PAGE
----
After hitting the bottom, the only way is up. Dwyane Wade and Chris Bosh have been close to non-factors on too many possession and minutes in the conference finals for the Miami Heat, but LeBron James does share some of the blame, probably taking too much on himself while trying to save the day.

Some things number tell better than anything else, and the stats show LeBron James isn’t hogging the ball, but he’s not making his teammates and big three partners better, and the change needed for the Heat to win this series and reach their third consecutive NBA finals probably beings with him.

James, Wade

In the first four games of the series, James averaged 19.8 shots and 28 points. In the past two games, James has averaged 24 shots and 29.5 points. Dwyane Wade averaged 15 shots and 16.8 points over the first four games, but has a total of 19 shots and 20 points over the last couple of games. It gets even worse with Bosh, who hasn’t scored in double-digits in three consecutive games for the first time since his rookie season, his combined 15 points on 4-of-19 from the field with Wade in the 77-91 loss in Game 6 was their lowest since becoming teammates in 2010.

There are other things that need fixing, and that has to do with Erik Spoelstra. He let the Indiana Pacers take over the series by trying to counter them with weird lineup that take away everything great about the Heat. If Shane Battier plays only 4 minutes because Spoelstra is afraid to use him, the Heat are in trouble. Their only way of disturbing the Pacers’ defense except for individual greatness from James is ball movement and spacing, but that doesn’t happen without good shooters on the floor.

When the lineup includes Joel Anthony and Udonis Haslem together for too long, the Heat are bound to struggle offensively. Mike Miller being brought from the dead all of a sudden isn’t good coaching – that’s becoming desperate, in a bad way. The Heat are now desperate, with their backs to the wall for a second straight season, tied at 3-3 heading into the final game, but this time with the momentum going against them.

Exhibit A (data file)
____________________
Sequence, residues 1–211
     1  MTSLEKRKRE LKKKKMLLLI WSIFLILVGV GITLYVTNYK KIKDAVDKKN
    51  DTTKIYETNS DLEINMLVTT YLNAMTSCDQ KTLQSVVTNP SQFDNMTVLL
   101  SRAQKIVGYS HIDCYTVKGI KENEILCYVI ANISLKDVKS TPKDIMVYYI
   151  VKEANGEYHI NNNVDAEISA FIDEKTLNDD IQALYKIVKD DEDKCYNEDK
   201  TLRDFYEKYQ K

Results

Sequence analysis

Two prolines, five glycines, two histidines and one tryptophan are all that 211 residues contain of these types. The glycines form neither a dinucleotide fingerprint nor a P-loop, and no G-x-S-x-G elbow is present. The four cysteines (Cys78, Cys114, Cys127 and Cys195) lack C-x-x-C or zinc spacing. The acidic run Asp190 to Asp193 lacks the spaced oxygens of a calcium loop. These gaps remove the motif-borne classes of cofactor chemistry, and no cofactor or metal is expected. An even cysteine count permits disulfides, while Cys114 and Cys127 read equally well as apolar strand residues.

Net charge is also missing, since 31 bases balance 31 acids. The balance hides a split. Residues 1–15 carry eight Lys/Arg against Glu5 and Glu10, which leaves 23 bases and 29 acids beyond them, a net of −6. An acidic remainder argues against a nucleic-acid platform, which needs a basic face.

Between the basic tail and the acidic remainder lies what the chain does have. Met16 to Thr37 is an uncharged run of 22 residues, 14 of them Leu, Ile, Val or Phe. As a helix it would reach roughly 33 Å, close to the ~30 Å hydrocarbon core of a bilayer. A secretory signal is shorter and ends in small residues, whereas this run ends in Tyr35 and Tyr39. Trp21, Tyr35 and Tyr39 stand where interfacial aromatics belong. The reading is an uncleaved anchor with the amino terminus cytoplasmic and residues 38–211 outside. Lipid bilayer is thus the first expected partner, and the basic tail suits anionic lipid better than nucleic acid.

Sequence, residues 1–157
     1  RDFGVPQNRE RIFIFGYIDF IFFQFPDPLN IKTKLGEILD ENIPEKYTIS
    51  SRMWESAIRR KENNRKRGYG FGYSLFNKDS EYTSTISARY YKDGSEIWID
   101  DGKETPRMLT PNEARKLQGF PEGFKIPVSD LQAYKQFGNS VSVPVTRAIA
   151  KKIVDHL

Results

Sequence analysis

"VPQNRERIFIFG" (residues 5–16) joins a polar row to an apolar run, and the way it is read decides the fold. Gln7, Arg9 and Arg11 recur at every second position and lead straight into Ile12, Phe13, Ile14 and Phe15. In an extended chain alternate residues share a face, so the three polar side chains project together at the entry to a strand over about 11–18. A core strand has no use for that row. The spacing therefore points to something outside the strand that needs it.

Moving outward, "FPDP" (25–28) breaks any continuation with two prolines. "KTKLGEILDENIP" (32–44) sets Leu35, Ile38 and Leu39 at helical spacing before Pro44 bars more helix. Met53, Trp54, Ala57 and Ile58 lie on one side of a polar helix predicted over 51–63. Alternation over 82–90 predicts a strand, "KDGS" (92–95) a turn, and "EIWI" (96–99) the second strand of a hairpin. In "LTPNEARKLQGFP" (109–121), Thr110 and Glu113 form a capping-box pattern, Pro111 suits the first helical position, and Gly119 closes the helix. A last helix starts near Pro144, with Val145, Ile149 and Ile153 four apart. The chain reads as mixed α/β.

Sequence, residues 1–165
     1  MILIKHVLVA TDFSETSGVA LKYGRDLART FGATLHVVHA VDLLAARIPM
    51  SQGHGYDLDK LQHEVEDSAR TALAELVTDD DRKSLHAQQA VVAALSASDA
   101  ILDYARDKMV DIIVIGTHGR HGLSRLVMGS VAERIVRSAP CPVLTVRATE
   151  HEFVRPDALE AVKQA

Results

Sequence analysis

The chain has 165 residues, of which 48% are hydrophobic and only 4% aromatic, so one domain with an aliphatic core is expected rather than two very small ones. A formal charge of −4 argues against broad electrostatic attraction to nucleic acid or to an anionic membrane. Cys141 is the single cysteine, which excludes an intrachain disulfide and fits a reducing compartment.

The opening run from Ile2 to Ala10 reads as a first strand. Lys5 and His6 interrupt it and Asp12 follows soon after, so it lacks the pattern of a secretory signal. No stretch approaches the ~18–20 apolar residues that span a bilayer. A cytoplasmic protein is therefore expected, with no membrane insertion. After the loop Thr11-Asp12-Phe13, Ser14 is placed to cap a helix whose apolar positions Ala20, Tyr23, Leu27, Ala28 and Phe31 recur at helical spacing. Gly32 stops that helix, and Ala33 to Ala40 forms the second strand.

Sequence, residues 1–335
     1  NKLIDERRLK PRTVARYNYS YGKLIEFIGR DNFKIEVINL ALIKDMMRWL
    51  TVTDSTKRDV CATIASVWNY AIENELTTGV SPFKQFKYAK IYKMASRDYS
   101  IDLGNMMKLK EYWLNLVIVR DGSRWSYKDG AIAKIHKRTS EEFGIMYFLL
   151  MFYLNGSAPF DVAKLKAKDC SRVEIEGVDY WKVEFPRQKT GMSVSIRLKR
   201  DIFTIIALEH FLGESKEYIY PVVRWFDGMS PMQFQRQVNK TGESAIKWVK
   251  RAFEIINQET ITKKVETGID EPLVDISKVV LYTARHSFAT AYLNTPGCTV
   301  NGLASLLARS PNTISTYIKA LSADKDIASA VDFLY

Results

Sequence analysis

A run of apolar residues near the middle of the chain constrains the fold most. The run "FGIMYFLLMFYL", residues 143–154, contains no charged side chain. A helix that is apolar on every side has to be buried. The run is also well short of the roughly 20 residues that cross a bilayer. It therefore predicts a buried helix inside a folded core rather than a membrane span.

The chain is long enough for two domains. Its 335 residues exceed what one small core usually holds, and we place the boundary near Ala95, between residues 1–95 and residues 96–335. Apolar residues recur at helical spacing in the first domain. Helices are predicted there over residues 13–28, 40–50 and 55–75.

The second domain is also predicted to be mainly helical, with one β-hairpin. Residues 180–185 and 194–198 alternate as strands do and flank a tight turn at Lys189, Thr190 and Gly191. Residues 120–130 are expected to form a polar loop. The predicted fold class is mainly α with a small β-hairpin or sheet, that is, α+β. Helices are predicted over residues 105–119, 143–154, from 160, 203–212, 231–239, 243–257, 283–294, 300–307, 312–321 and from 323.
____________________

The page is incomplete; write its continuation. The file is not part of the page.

Chris Bosh Heat

They need to try and stop and slow down Hibbert, but not at all costs. Not when it means putting Dwyane Wade for long minutes on Paul George, who had no problem getting by the hurting veteran. Not when it leaves too many players open as the Pacers found a way to move the Heat’s defense around, almost at will, in game 6. The Heat’s defense always leaves openings, but its quick enough and confident enough in covering them in time. They can’t afford to play another dysfunctional game on all fronts in game 7, and relying on the home court difference isn’t enough.

Hitting a brick wall on a few plays isn’t such a bad idea. Hibbert shouldn’t be avoided, but attacked. Wear his big body down, even if it takes a couple of blocks and more misses on these plays. Shooting from the paint is always better than most other options, and with Hibbert averaging only 3.8 fouls per game, the Heat need to do a better job in making him do more than just stand around and being scary.

LeBron James needs to be great, but not if it means holding on to the ball for more than 8 seconds and making it impossible to build an offense that doesn’t end up with someone taking a bad shot. If you’re going to have someone take a bad shot its James, but it negates a lot of the depth and qualities the Heat have as a team, and it’s partially on him.

James has shown he can do it, but now it’s Wade’s and Bosh’s turn to show this is still a big Three, and not just a one man show with assistants. They’ll get the ball a lot more than they did in the previous game, you can count on that. The Heat are just hoping that they haven’t given up too much to the Pacers as the series dragged on, and still have enough in the tank to deliver the final blow against a younger and more confident team at the moment.

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